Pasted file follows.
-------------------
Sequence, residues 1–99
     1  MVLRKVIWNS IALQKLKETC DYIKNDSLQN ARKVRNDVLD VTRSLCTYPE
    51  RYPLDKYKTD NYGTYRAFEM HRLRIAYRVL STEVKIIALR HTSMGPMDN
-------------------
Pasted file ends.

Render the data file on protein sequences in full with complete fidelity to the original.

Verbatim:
Sequence, residues 1–99
     1  MVLRKVIWNS IALQKLKETC DYIKNDSLQN ARKVRNDVLD VTRSLCTYPE
    51  RYPLDKYKTD NYGTYRAFEM HRLRIAYRVL STEVKIIALR HTSMGPMDN